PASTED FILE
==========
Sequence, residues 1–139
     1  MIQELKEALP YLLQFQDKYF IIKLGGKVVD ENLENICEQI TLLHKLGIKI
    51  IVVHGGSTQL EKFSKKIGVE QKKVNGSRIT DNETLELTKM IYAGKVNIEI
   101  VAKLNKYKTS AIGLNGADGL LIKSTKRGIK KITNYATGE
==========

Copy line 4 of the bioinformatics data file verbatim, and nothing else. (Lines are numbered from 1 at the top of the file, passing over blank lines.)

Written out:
   101  VAKLNKYKTS AIGLNGADGL LIKSTKRGIK KITNYATGE